Friday, April 7, 2017

Ms. Chaides' 4th Graders Learn More about Native Plants and Drought Tolerant Planting

This week, Ms. Chaides' 4th graders learned more about native plants. They identified deer grass, white sage, monkey flower, California Poppy and California Sagebrush. They liked the smell of California Sagebrush.  We discussed that these plants, used by the Chumash, are also adapted to our climate and need little water once established.  These plants and others in the Native American Garden attract our local pollinators.  The Margarita BOP Penstemon and red salvia are also attractive to butterflies and hummingbirds.

Ms. Marie made a bundle of white sage which we'll make into a smudge stick once the leaves are dry. The Chumash use such a stick in ceremonies. We reviewed that deer grass is woven into baskets.

The students also learned about scientific or botanical names, which come from Latin.  These names can be understood by people all over the world. Here are some examples: the botanical name for White Sage is Salvia apiana, Black Sage is Salvia mellifera, California Sagebrush is Artemisia Californica and Cleveland Sage is Salvia clevelandii.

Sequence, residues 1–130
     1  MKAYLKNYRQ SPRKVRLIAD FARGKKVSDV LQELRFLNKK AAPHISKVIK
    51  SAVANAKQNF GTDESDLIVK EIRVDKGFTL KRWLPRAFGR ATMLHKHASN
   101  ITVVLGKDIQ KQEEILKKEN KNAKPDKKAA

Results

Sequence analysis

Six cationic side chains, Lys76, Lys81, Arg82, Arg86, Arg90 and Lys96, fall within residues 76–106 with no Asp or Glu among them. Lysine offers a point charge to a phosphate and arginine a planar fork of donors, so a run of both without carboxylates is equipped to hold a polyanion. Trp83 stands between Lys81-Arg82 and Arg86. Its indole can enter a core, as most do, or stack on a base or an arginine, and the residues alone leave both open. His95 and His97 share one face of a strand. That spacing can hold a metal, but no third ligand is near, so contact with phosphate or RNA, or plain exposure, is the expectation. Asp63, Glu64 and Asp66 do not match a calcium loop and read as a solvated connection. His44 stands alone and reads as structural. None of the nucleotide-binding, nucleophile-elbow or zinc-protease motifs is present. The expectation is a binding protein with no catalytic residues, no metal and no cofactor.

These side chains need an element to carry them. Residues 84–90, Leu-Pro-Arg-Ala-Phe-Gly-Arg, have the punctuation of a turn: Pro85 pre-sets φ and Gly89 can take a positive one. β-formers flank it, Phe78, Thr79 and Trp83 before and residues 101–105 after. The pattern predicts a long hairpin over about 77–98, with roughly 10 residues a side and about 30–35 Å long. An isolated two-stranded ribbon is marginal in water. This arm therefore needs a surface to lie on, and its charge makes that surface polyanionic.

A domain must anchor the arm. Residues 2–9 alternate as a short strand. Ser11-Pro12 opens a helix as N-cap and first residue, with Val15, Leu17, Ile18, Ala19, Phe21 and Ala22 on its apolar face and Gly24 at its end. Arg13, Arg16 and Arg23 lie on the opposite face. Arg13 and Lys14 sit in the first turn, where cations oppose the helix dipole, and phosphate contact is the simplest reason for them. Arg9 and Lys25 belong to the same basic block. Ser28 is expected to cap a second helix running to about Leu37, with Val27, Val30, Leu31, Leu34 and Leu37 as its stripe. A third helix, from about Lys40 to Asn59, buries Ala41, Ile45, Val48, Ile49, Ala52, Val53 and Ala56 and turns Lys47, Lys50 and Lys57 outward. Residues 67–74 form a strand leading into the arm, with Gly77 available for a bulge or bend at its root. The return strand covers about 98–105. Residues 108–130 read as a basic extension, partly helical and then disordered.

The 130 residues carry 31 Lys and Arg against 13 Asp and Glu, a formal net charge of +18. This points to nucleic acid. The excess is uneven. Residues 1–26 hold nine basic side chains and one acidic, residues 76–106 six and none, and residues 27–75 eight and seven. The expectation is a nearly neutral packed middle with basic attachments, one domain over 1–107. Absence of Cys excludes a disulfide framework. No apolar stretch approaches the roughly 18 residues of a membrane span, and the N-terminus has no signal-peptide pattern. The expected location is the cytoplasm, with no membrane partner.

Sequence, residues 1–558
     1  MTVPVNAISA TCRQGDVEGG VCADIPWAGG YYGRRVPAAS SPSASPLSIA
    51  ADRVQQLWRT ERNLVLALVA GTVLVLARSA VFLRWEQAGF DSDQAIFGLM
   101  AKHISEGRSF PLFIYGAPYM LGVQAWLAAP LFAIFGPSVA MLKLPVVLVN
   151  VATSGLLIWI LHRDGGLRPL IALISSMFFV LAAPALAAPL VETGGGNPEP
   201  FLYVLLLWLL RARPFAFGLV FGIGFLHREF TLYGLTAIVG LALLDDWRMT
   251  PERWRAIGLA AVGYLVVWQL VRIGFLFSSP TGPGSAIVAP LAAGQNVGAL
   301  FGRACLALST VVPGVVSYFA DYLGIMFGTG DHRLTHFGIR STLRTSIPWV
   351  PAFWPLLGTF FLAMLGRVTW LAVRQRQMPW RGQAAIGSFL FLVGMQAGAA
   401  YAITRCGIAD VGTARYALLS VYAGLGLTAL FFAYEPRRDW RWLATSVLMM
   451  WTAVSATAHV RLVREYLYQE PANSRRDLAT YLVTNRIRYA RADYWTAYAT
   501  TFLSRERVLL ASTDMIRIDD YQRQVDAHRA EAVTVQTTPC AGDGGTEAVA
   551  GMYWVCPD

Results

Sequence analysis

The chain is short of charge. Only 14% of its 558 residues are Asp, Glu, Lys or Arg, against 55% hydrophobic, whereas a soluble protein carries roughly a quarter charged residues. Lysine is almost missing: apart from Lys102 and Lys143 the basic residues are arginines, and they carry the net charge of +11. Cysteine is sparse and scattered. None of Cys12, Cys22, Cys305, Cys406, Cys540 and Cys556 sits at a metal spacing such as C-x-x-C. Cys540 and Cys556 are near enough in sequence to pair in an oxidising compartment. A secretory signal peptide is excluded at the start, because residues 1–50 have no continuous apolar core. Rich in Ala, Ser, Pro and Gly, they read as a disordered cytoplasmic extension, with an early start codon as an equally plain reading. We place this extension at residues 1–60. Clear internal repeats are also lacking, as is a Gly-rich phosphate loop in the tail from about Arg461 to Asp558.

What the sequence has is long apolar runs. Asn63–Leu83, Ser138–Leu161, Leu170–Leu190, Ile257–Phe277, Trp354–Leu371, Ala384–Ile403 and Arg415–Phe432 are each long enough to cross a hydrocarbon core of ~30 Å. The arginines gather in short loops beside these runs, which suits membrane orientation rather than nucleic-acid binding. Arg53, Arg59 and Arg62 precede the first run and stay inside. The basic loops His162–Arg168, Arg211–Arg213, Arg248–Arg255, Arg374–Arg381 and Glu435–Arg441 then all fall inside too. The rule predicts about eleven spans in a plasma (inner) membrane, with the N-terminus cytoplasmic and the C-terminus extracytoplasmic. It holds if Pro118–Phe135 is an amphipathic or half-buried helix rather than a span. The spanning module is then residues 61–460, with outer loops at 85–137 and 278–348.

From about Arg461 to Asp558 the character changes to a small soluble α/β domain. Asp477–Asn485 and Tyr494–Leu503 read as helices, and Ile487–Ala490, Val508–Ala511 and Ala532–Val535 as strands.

The students helped weed the garden again. They are very industrious! We will be putting down cardboard and  Kellogg's Xerimulch to keep the weeds from growing back.

Deer Grass

White Sage being dried 

Native plants require less water and attract wildlife. Many of the plants in our garden were and are used by Chumash and Tongva.

Hummingbirds like this penstemon and it's tubular flowers.

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